Motivate Your Class Through Group Contingency

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Group contingency is a set of techniques based on Applied Behavior Analysis (ABA), which can be used for groups of children and adults. In ABA, these are used for individuals, but professionals and educators have found ways to adapt this to groups.

Group contingency aims to reinforce target behavior in a group setting. The goal is to change or modify behavior. It can be highly effective if used correctly. Group contingency can be used where there are groups of children or adults, be it in a classroom setting, work, or social groups.

What Types of Behavior can be Changed?

Group contingency can be used for behaviors that occur regularly.

Types of Group Contingency

Choose the type of group contingency based factors such as the number of individuals in your group, the severity of the behavior, group dynamics, and your goal. Below are the three types of group contingency.

  1. Dependent Group Contingency

In this group contingency, the behavior of an individual child or a small group of children will be targeted. The entire group will earn reinforcement if the individual child or small group can meet the criteria.

An example would be a child that constantly stands up and transfers to a different seat during class. The criteria would be to make that child stay in his or her seat for the duration of an entire class for one week. The student may be reinforced with extra 10-minute playtime at the end of the school week to encourage them to stay in their seat. If the child or small group can accomplish this, the entire class will have extra 10-minute playtime; otherwise, no one will have extra playtime.

This is a good strategy for targeting specific behaviors and teaching students accountability. However, this has to be carefully planned because this will put one child or a small group under the spotlight. If the child cannot meet the criteria, they may face anger and frustration from their peers.

2.                  Independent Group Contingency

In the independent group contingency, all members of the group have to meet the same criteria and will work toward earning the same reinforcer. The group will only access the reinforcer once everyone in the group has met the criteria. This can be useful if you want to change a specific behavior of the entire class. For example, handwashing after recess. The criteria can be washing hands for 20 seconds after recess for an entire week with a reinforcement of storytime on Friday before going home. Each student will be assessed. Those who can do this will be given credit, while those who don’t have to keep doing it until they meet the criteria.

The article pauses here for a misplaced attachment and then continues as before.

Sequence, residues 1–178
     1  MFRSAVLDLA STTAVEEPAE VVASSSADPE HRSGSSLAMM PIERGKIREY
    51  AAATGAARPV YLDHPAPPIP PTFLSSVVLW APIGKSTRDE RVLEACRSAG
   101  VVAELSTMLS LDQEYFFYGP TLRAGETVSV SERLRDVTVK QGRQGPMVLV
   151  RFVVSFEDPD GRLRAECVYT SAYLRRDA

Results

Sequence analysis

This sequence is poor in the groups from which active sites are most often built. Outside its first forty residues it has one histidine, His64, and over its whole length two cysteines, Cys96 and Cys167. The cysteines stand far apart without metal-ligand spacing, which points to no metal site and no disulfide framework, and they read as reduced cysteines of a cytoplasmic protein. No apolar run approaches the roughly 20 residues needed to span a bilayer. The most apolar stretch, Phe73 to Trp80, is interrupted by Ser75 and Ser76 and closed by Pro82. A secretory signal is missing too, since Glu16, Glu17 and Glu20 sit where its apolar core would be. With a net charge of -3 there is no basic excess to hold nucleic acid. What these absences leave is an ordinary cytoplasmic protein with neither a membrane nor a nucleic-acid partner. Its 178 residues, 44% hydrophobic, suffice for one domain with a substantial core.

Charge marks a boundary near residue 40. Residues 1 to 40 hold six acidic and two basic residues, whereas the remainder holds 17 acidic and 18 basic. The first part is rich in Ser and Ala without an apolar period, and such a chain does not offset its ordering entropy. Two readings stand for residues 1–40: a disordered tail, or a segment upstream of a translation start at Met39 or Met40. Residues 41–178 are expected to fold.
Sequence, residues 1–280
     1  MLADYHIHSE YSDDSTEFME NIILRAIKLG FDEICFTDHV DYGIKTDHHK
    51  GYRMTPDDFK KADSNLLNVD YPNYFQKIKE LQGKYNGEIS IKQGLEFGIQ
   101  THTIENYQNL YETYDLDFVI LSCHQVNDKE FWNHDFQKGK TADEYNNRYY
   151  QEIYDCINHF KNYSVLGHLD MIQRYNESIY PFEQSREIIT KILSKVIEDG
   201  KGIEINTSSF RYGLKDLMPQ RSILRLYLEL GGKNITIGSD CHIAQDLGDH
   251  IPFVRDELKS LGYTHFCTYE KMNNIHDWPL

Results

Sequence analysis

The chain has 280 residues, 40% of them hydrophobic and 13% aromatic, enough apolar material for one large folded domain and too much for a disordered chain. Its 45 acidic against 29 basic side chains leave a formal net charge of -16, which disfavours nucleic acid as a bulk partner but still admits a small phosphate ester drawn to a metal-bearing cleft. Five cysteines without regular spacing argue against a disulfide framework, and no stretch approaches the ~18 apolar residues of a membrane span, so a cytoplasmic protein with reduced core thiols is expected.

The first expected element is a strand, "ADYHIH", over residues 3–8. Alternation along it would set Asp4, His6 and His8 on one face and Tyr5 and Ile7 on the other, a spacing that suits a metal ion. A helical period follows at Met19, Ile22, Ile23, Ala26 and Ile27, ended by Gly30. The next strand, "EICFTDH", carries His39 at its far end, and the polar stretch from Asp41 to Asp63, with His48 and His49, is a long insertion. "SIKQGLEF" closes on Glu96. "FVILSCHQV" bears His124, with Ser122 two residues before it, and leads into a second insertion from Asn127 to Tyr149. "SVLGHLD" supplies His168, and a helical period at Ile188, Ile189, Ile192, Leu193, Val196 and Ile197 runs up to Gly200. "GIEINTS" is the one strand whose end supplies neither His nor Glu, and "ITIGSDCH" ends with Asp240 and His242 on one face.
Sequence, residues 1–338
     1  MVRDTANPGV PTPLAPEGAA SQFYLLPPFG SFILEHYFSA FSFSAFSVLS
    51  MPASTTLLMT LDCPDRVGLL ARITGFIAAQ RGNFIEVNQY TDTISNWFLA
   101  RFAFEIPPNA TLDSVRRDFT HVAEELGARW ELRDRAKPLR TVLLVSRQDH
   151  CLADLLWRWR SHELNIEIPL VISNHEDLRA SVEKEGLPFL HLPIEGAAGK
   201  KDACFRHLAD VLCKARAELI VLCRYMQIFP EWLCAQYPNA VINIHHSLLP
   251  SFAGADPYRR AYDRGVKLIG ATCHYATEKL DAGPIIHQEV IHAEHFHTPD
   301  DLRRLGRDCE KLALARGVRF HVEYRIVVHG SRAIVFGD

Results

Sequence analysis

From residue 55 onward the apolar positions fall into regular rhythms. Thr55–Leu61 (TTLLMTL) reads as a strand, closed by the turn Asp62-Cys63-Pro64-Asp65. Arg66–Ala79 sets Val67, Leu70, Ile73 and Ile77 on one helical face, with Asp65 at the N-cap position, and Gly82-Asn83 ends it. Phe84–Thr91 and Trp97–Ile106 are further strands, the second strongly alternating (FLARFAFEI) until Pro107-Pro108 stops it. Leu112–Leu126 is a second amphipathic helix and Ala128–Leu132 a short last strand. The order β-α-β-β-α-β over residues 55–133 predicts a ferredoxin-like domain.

Once all students can wash their hands thoroughly after recess, they can have storytime with the teacher on Friday before going home.

One advantage of this is that students will learn to look out for each other. If they want that storytime, they will make sure to remind their classmate about handwashing after recess. One disadvantage would be that it can be labor-intensive for the teacher. The teacher has to devise a way to monitor each students’ handwashing. This might be difficult with classes that have a lot of students.

3.                  Interdependent Group Contingencies

In this group contingency, all members of the group have to meet the same criteria. All children will earn or not earn the reinforcement. It’s an all-or-nothing arrangement. Interdependent group contingencies might work for a class that has strong teamwork. Since the students will work toward a common goal, they might motivate each other to do well. On the flip side, it might backfire if it cultivates a culture of peer pressure. This might not work for groups that have students with special needs.

Establishing Group Contingency in the Classroom

  1. Identify 2-3 concerns that you wish to address (attendance, proper hygiene, homework completion, etc.)
  2. Choose which one you wish to work with first.
  3. Determine what alternative behavior you wish to reinforce.
  4. Choose a reinforcer
  5. Choose the type of group contingency to use
  6. Collect data
  7. Gather the group. Teach the contingency and reinforcers. If it’s appropriate, have the group vote on which reinforcer they want. 
  8. Collect data and track the group’s progress

Final Thoughts

You can use different types of contingencies based on the needs you identify and the goals you wish to achieve. Keep in mind that each type of group contingency has its pros and cons. Make sure to target one behavior at a time. Always be mindful of the skills and aptitude of the group you are working with. Document the process well to assess whether your plan was successful.

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